The Falcons finished the season 4-12. The offensive line had surrendered 61 sacks of Atlanta quarterbacks. During the campaign, Travis had played through a groin pull, a strained biceps and a sprained knee. In all he had played well enough, however, to receive the Falcons' Rookie of the Year Award from Reeves.
The season did not go well. Travis, who was judged by the Atlanta paper as "not especially nimble," was replaced as a starter late in the season. The paper said he had "disappeared" in terms of effectiveness. The Falcons went 7-9.
The 2002 season began inauspiciously. In training camp, Travis broke a bone in his right wrist and played with a cast the remainder of the year. But he more than held his own as a starting guard on a much improved line. It powered the Falcons to a league ranking of No. 4 in rushing offense and to 10 victories.
In the meantime, Travis' injuries mounted. Knees, shoulders, arms and spine had all been compromised in the endless, close-quarter combat of offensive line play.
At practice in September, at the beginning of the 2003 season, Travis aggravated a strained shoulder, which turned out to be torn. Then in a "Monday Night Football" game against the St. Louis Rams, he tore tissue that connected his right thigh muscle to his knee.
Travis was placed on the injured reserve list and did not play again for the Falcons.
In 2004, Travis' contract was up, and the Falcons did not re-sign him.
"I always played for the organization," he later told a wire service reporter. "I broke my wrist, I played with that. I bruised my spinal cord, I played the next week. I got a concussion, I played through that. I . . . did so thinking when it came time [for a new contract] they'd say, 'This is a guy who is a hard worker and is loyal to this organization,' but obviously it didn't work out that way."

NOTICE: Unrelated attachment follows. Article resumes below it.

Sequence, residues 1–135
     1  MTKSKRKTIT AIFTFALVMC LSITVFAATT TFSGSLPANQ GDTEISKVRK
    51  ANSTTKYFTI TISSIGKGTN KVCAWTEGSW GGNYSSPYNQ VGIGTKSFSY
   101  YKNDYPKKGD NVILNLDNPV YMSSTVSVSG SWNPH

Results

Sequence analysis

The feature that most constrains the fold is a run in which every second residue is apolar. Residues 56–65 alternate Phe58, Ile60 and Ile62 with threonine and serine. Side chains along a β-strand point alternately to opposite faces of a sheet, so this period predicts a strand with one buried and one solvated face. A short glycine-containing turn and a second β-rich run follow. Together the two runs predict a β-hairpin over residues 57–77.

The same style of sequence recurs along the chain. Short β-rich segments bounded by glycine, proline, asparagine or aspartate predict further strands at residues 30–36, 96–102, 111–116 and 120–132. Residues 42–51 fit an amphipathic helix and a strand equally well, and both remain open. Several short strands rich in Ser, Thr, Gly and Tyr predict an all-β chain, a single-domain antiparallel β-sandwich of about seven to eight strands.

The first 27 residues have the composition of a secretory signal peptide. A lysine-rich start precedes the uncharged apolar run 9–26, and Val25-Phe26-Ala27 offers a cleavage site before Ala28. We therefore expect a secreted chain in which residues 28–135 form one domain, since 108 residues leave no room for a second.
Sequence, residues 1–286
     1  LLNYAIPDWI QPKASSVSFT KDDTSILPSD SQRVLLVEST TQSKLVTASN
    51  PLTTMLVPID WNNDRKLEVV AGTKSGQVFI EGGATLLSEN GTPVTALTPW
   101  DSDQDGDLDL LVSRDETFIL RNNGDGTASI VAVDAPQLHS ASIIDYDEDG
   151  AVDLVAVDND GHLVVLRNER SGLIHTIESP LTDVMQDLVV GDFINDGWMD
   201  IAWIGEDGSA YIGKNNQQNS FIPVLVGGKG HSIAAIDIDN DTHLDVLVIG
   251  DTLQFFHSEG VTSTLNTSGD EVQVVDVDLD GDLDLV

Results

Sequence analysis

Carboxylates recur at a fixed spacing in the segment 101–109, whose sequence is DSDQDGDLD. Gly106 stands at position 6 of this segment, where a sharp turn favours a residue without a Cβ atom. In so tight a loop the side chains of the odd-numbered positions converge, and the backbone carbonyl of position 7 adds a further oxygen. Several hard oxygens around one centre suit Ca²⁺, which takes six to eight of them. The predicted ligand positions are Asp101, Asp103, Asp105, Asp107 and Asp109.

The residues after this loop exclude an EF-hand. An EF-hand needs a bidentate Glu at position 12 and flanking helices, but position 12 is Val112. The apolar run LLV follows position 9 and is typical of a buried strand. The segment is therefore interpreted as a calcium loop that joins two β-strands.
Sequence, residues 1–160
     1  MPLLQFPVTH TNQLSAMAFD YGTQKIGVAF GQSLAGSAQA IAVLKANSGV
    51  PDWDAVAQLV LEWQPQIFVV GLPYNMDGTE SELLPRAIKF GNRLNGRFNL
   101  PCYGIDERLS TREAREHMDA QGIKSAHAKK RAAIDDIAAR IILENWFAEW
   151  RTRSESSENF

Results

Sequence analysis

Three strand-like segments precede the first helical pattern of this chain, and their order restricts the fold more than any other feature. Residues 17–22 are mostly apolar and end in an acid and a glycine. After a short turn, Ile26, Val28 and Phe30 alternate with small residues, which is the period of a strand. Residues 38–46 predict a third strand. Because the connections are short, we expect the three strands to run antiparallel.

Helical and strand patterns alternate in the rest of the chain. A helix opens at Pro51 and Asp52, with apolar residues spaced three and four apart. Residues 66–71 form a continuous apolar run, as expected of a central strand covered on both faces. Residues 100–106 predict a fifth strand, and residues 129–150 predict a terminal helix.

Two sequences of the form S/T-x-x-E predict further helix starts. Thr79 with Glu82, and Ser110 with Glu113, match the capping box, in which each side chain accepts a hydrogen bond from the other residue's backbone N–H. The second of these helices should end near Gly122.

The Carolina Panthers thought he could still start and signed him to a two-year contract for $1.8 million, including a $500,000 signing bonus.
Training camp, however, did not go well. Panthers management found him insufficiently agile. To his astonishment, Travis was cut as camp ended.
He walked away with his $500,000 bonus, and a deeply wounded self-image. Barry, now coaching with the Detroit Lions of the NFL, encouraged him to ask other teams for a tryout.
None, however, was interested.
Being cut was "the most embarrassing thing to happen to me because I've never not started," Travis told the wire service reporter. "All the people who were calling me when I was making big money . . . weren't calling anymore. And when I hurt my knee, no one called except my brother, mom and dad, and two college buddies."
Money was not a problem. Travis had been careful with his. He had rented a house in Las Vegas, where his brother Ryan, three years his junior, played linebacker for the University of Nevada, Las Vegas. He was not one for luxuries.
Travis couldn't abide life without football and in 2005, when the Hamilton Tiger Cats of the Canadian Football League offered him a one-year contract at $175,000, he leaped at it.
Travis took instantly to the Canadian game, its informality and the camaraderie of teammates who played for the love of football as much as anything else.
"I'm not making much money now, but I'm staying with some players," Travis told the Canadian Press wire service in September 2005. "I've got a room. They got me a bigger futon because the one I had wasn't big enough."
As No. 57 for the Ti-Cats, Travis won the Canadian sports broadcasting company TSN's "Friday Night Gladiator" award in his first game, against the Edmonton Eskimos. The prize was a Tissot watch. Travis gave it to Bill, who has worn it daily since.